Even if the Governor were to come to the conclusion that the government of the day has lost its numbers in the Assembly, the same should only be premised on a demand by the opposition parties alongwith pertinent material, and not on the basis of the demand made by the Chief Minister himself.

Again, the Governor is expected to act in a manner that is consistent with the high traditions of his office. In accordance with Article 164 of the Constitution, the Chief Minister holds office during the pleasure of the Governor. Has the Governor of Rajasthan expressed displeasure at the Chief Minister holding office? The answer is no. It is absurd that a Chief Minister, who as per his own version enjoys a stable government, sits on a dharna to arm-twist His Excellency to call a session of the Assembly so that he can prove his majority.

Isn’t the Chief Minister only hastening to call a session of the House to insulate his government from being challenged for the next six months i.e. till the next session of the House? These actions are in the teeth of democratic values. What seems to be happening is that the Chief Minister is trying to secure immunity from subsequent toppling if more MLAs break away. If the Assembly is in session, and the confidence motion is put to vote, the dissident MLAs will need to vote in favour of the confidence motion, or they would be subjected to incur the wrath of disqualification under the Tenth Schedule to the Constitution.

Insofar as Parliament is concerned, the Rules of Procedure and Conduct of Business in Lok Sabha, Chapter XVII contemplates only a ‘Motion of No-Confidence’ which in terms of Rule 198 is a ‘motion expressing want of confidence in the Council of Ministers’. That being said, these motions have come up before the Lok Sabha, and have been admitted and discussed under Rule 184 of the Rules, and decisions have been taken under Rule 191.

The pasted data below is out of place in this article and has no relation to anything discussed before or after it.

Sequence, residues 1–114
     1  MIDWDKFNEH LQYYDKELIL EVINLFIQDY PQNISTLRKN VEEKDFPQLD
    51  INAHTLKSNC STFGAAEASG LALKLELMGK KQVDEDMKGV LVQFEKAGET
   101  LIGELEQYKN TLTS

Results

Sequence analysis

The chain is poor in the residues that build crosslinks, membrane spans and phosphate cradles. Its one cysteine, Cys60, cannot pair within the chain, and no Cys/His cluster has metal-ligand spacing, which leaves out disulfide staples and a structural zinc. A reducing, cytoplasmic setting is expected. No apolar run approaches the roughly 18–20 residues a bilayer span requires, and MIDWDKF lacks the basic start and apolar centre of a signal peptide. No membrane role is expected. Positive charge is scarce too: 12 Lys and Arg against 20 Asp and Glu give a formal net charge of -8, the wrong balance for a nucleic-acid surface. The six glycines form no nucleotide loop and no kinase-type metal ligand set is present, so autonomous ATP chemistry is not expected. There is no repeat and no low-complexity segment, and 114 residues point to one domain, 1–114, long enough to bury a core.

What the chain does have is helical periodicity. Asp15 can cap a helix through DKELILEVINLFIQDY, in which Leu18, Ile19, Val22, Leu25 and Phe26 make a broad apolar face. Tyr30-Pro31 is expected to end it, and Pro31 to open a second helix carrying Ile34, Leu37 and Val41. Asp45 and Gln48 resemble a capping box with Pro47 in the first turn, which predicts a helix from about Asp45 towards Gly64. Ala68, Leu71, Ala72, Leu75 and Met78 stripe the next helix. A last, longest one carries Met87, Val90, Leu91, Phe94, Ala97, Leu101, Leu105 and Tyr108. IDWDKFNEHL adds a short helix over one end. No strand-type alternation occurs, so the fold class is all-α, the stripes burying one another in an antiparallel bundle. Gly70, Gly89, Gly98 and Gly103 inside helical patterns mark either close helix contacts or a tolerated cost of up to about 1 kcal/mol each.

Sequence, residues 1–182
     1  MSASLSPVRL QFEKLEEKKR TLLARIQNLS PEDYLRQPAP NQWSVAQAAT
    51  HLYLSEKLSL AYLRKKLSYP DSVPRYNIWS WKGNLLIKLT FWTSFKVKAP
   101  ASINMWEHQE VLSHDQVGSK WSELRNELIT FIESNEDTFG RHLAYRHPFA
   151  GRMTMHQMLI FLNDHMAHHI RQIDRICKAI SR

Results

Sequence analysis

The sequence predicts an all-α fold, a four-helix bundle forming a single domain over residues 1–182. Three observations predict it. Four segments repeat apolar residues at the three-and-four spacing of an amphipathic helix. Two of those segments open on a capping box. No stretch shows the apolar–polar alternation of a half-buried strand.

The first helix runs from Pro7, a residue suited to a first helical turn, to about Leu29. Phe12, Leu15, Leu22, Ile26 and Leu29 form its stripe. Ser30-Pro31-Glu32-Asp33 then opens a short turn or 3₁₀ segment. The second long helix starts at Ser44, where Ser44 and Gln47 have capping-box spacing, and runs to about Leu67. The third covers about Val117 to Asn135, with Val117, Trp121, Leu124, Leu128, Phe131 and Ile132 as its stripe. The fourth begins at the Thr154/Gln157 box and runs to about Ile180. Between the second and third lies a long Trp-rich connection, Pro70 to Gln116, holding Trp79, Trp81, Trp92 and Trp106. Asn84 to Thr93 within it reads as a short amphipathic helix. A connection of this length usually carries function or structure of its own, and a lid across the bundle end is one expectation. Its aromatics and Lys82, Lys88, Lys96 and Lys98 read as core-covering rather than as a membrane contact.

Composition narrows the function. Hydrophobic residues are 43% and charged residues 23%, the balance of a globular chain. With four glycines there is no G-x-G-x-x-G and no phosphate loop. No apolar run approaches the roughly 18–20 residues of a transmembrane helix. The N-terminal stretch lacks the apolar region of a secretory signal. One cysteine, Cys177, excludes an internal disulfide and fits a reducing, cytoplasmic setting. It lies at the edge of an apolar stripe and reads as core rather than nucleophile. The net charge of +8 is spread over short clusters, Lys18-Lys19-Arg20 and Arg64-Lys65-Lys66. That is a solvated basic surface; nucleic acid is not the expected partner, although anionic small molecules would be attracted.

However, Rule 132A of the Rules of Procedure and Conduct of Business in Rajasthan Legislative Assembly, 1959, expressly envisages a confidence motion being called by the government to test its own strength, in absentia of such a demand by either the Governor, or the opposition.

In my respectful opinion, the law on this issue needs to evolve. An elected government cannot and should not be allowed to move a motion of confidence in itself. The motion of confidence, or rather of no-confidence, belongs to either the Governor (based on material placed before him), or to the opposition. A Chief Minister cannot be allowed to squander public trust by seeking a trust vote, where he intends to force his MLAs to vote with him, to keep a splintered government alive for the next six months.

This procedure perverts the role of the opposition as the custodian of checks and balances, which is the intention of the Constitution and the faith of the people. For this reason, Rule 132A of the Rajasthan Assembly Rules and all other similar rules in different state legislatures expose a loophole which is capable of being exploited, as in the present case, and may be also said to be violative of the basic structure of the Constitution.

The question that arises is that can the greed to remain in power justify being this cavalier with constitutional principles? The answer seems ominous.

The author is an advocate practicing at the Supreme Court of India and the Delhi High Court. Views are personal. He may be contacted at mail@rushabaggarwal.com.